In the first week of course, in case there are multiple layers then what’s the y values for those. I believe its trying to use gradient decent to match the y values. Not able to understand how to choose the number of levels as well.

There are no ‘y’ values for the hidden layers. ‘y’ refers to the output of the NN.

We do not know what the correct hidden layer values are, because they do not exist in observations that form the training set.

Experimentation is used to chose the number of layers, and the number of units in each layer.

The goal is to get a simple enough solution that training isn’t too difficult, but while we also get good enough results.

There is no formula for this.

Gradient descent is being used to match the y values (target values available from dataset). Typically, the error between actual and target output values is computed and then this error is fed back layer by layer so that gradient descent can compute the weight changes necessary to reduce the error between the actual and target output values. I guess things will become clearer when you study the back propagation algorithm ( a popular name for a learning rule known as the generalized delta rule).

The weight update equation (for any weight in any layer) is given by: w = w - \alpha.\frac{\partial {J}} {\partial {w}}

So, we don’t really need to know y for each layer to be able to find \frac{\partial {J}} {\partial {w}}

If we know J at the output layer, then we can find \frac{\partial {J}} {\partial {w^{[l]}}} for any layer l, by applying the chain rule.

We find \frac{\partial {J}} {\partial {w^{[l]}}} at layer l (output layer) and then apply chain rule to go one layer back and find \frac{\partial {J}} {\partial {w^{[l-1]}}} at layer l-1 and so on. Notice that the J in all these derivatives is the very same J that is defined at the output layer.

Thanks @shanup for your answer.

As en exercise, I was trying to replicate week 2’s multiclass lab from scratch with numpy.

I spent some time thinking about the implementation: you answer provided some guidance…

However, if in the 1st layer I have a Relu activation function (which is non differentiable), what should be the approach in this case??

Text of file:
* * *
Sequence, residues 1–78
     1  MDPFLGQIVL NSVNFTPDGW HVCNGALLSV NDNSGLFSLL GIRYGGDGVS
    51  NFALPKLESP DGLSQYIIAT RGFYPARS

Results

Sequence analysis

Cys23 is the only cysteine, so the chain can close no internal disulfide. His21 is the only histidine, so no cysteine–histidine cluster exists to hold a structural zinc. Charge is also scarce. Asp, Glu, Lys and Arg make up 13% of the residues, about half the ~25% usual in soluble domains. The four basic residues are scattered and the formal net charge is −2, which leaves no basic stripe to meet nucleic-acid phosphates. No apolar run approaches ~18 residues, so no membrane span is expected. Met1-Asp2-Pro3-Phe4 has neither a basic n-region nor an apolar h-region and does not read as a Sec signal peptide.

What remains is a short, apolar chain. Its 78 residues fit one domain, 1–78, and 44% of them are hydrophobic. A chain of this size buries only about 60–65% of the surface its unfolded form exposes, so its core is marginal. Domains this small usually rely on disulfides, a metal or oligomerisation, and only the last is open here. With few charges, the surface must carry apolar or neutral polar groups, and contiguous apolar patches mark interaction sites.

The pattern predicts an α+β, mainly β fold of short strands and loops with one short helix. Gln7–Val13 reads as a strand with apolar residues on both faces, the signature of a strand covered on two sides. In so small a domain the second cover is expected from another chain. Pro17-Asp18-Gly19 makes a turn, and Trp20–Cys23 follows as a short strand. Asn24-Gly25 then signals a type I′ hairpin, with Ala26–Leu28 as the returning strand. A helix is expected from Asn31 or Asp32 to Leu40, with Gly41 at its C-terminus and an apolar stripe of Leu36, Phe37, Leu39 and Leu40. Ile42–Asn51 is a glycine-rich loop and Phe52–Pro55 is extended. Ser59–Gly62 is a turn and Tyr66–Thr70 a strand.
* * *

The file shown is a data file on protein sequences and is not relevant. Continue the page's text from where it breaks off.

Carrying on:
I thought about switching from Relu to linear activation, but as seen in the lectures, there is no point in having 2 layers if you are gonna have a linear activation when it could be replaced with only one.

Any suggestions?

Thanks in advance!

Kind regards

Hello Fernando @altromondo,

For ReLU you may implement its derivative in 2 steps: when x > 0, the derivative of ReLU is 1, otherwise it is 0. I think numpy has some step functions that you can use for that.

Raymond

Hello @altromondo

If you intend to do this manually, we can do it in 2 steps as already highlighted by Raymond.

There is still the issue of derivative at 0 being undefined. We could either set it as 0 or set it as 1. Here is a paper that looks at this issue, by setting it as a hyperparameter and checking its impact on the model accuracy.

In their experiment, setting derivative = 0, at 0 gave better results with SGD. But things started to even out when they used batch norm or ADAM.

Hello,

As @TMosh said correctly, y refers to the output layer. However your question can still be interpreted as “how do you interpret the values in the hidden layers”. The way most people think of this is as follows. The values in the input layer are the datapoints in your dataset. A neural network applies a matrix followed by an activation function at each layer. So the values in the first hidden layer are a transformed version of the first layer.

For example, maybe we are trying to distinguish points labeled by 0 from points labeled by 1, and if you look at the dataset, these points cannot be separated by a plane (like how we classify points in logistic regression). The idea is perhaps that by applying some transformation to the data points, it will allow for the transformed points to be separated by a plane. So the values in the 1st hidden layer are a transformed version of the points in the input layer, or in other words, they are a new set of “learned” features which hopefully are easier to interpret. If you have a 2nd hidden layer, then another transformation is applied and we get yet another learned set of features which is hopefully even better than the first (though often one hidden layer is enough).

I hope that helps!

Alex